You quoted stock symbol "SUN" rather than "SUNW" which is the former symbol for Sun Microsystems. FYI, they currently trade under the symbol "JAVA".

    As a stock, they have changed their name and done a reverse split recently. They are currently trading at about where they have been for the last year.

    Though, their action on Wall Street is much like Apple BEFORE the iPod. I am not suggesting that Sun has the capability of releasing a iPod caliber killer product... but they have a strong technology portfolio and I wouldn't bet AGAINST them at this point in time.

  • by mhall119 ( 1035984 ) on Wednesday January 23, 2008 @01:42PM (#22155366) Homepage Journal
    Tomcat is just a Servlet/JSP container, where Glassfish is a J2EE server like Weblogic or Websphere. The apache equivalent is Geronimo, which I believe uses Tomcat for the Servlet/JSP portion of the J2EE spec.
  • by narrowhouse ( 1949 ) on Wednesday January 23, 2008 @02:08PM (#22155726) Homepage
    Because the OSS database server can support a database larger than 4GB and still be free? The "free" version of MS SQL is pretty limited in terms of software on which you might run a company. If you are going to pay the kind of money that MS SQL server standard + any support from Microsoft costs you suddenly have several more options both Open and Proprietary.The fact that it only runs in Windows is irrelevant, it doesn't fill the same niche as MySQL or PostgreSQL, where you can use labour to compensate for the lack of some niceties.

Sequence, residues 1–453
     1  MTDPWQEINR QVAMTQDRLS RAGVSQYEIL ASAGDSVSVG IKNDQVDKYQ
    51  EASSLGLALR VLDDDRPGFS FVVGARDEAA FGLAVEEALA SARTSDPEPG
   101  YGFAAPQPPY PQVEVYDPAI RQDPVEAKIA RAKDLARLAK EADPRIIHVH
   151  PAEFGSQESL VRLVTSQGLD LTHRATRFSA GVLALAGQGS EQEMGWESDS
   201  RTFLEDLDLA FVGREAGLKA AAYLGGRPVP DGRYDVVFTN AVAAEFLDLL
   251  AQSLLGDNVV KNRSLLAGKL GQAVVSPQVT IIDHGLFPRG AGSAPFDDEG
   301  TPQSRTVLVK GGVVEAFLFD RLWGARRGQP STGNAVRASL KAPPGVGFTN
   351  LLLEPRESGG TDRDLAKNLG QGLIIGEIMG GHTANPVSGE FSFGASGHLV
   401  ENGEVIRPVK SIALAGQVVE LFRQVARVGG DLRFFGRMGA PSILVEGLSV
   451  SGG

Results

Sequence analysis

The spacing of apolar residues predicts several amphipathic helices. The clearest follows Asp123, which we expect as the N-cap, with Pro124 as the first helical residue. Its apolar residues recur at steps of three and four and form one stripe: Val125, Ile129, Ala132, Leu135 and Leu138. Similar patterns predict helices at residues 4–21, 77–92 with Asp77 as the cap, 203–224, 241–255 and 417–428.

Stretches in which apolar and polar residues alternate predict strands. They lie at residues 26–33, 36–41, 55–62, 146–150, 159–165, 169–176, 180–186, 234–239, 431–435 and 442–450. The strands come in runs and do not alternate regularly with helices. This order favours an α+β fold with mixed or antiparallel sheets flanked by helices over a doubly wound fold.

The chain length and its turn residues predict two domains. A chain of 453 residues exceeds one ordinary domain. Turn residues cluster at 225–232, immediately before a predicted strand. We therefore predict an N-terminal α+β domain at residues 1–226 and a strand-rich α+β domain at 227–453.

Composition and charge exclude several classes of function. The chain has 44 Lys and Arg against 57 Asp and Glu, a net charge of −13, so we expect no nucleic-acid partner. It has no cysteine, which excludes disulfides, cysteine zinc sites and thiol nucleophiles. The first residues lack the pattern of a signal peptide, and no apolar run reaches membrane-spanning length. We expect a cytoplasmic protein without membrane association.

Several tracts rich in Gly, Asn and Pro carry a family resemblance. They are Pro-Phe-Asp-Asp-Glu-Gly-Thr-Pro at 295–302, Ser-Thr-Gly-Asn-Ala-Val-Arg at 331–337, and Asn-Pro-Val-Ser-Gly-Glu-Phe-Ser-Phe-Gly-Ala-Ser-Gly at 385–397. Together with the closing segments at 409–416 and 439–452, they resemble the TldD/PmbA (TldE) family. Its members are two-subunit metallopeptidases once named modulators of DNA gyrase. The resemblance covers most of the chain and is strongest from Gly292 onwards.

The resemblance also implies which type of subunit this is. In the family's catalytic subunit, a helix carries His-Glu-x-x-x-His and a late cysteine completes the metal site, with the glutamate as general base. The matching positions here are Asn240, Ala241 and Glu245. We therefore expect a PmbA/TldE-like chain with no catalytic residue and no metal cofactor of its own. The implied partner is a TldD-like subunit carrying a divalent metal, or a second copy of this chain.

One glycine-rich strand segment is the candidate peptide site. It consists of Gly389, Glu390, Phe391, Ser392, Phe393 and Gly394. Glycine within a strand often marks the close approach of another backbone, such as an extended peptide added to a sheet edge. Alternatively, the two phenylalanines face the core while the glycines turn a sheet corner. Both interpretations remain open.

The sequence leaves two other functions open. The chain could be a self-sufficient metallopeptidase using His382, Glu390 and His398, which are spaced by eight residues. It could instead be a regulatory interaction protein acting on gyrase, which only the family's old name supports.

• by RelliK ( 4466 ) on Wednesday January 23, 2008 @10:32PM (#22162488)
    Excellent comments about MySQL. You've summarized my thoughts exactly. However, you've really dropped the ball by not moving to PostgreSQL. It's really a shame that such a gem gets left in the dust because people simply don't know any better. It's either MySQL on low end or some proprietary DB on high-end. But the truth is that PostgreSQL can do anything that MSSQL can, and it actually does a few things better. For example:

    * If you start a transaction in PostgreSQL and one of the SQL statements causes an error, the transaction is aborted immediately, and all resources are immediately released. The server still expects the client to send "ROLLBACK", but that is merely an acknowledgment. Not so with MSSQL. It allows you to continue writing to the database, AND issue a COMMIT statement at the end, thus committing a partially-failed transaction! This is from the WTF??? department.

    * For whatever reason, the default collation is not case-sensitive. This caused some interesting bugs when we least expected.

    * Client libraries are just pathetic, especially on non-windows platforms. JDBC driver is usable, but C client library is essentially reverse-engineered and not supported by microsoft (http://www.freetds.org/). It is a small miracle we can access MSSQL at all from Linux.

    Anyway, I've used PostgreSQL in my past few projects and currently using MSSQL (not my choice). It is a decent database (other than the annoyances I mentioned), but I still prefer PostgreSQL. Feature-wise, I can't think of anything that MSSQL has and PostgreSQL doesn't. It's really a shame it doesn't get used more.

No extensible language will be universal. -- T. Cheatham